One of our first posts at queeristan was about the nascent LGBT movement in Nepal (please ignore the unfortunate wording choice...we were young and facetious then): Nipple Nepal, Land of High Peaks, Opens Bosom for LGBTs. The recent political upheaval in Nepal, which replaced the aboslute monarchy with a secular republic, provided an opportunity for the Nepali LGBT movement to take root. In a newly-minted democracy, the spirit of change pervades the political atmosphere.

Nepal is back in the Western media's radar, this time for their, may I say so myself, pragmatic approach to tourism. They want to become the go-to tourist destination for gay couples, keenly aware of limited rights for LGBTs in Pakistan, India, and Bangladesh. Looking to diversify their tourism portfolio, Nepal is targeting gay couples, hoping that wealthier tourists will add more cash to the economy by participating in higher-cost activites such as staying in five-star hotels. Currently, the tourism industry is dominated by the typical backpacker living on a shoestring budget. These efforts are headed by none other than Sunil Pant.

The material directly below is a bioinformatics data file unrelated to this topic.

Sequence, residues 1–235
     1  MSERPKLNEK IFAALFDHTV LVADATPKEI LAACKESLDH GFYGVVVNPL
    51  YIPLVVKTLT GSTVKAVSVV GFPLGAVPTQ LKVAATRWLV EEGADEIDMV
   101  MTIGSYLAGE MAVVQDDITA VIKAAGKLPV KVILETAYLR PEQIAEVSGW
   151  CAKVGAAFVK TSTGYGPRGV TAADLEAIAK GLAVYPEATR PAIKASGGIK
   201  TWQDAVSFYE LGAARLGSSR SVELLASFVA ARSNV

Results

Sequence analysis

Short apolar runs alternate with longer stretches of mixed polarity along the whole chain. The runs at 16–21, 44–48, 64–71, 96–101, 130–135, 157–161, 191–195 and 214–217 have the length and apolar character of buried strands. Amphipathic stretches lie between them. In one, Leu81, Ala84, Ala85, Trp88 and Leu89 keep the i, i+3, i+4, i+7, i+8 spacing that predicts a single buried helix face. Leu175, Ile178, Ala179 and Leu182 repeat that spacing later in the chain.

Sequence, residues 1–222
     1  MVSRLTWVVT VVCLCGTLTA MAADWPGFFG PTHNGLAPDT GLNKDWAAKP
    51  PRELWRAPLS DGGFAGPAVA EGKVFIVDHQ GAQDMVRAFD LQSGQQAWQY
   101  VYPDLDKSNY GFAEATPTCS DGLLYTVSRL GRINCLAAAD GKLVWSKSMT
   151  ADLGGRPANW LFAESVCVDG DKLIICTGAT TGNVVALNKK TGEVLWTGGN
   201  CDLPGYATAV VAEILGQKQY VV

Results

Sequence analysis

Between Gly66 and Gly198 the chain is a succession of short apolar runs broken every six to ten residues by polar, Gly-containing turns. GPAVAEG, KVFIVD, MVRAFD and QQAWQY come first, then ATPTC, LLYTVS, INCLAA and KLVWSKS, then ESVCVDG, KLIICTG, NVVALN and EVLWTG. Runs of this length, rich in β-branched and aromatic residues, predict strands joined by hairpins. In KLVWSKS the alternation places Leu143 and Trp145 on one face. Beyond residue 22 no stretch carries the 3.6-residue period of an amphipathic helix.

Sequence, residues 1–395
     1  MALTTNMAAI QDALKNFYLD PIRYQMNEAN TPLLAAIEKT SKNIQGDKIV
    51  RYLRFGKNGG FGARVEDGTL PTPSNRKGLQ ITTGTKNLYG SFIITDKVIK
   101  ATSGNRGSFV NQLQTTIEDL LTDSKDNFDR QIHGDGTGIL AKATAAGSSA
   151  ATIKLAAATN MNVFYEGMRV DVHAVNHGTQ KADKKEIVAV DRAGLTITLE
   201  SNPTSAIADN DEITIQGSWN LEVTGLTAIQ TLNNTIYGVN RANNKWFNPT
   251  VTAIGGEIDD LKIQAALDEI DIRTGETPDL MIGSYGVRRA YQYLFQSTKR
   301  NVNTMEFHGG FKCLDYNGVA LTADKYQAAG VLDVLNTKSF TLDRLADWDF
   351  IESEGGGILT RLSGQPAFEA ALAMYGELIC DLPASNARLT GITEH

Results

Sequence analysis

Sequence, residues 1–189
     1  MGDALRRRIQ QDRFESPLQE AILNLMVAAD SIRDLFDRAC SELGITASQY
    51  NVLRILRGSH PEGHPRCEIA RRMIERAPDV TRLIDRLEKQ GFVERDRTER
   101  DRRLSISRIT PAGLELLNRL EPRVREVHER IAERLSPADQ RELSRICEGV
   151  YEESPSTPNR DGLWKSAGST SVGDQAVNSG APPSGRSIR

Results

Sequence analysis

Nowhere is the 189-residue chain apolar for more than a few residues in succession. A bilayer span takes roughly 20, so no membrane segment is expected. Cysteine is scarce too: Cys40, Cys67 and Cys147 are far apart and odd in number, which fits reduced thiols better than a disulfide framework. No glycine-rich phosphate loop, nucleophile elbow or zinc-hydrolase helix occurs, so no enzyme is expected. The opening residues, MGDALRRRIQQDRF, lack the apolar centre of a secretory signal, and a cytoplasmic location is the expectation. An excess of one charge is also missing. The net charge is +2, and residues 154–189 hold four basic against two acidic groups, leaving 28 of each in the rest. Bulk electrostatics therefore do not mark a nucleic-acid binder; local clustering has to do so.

Pink Everest: Nepal appeals for gay tourists


Queer Desi Hotline Opens!

Some great news below -- read and take advantage of this excellent resource!
"The South Asian Lesbian and Gay Association of New York City announces the launch of its LGBTIQ support hotline. This is the first such hotline for LGBTIQ South Asians in the USA. While the hotline is for everyone, we particularly hope to reach those LGBTIQ folk who are unable to take advantage of our other support events and resources. The hotline is supported by a grant from the Stonewall Foundation, by The Asian Pacific Islander Coalition on HIV/AIDS and by generous contributions from the South Asian LGBT community. Please note details below and spread the word!"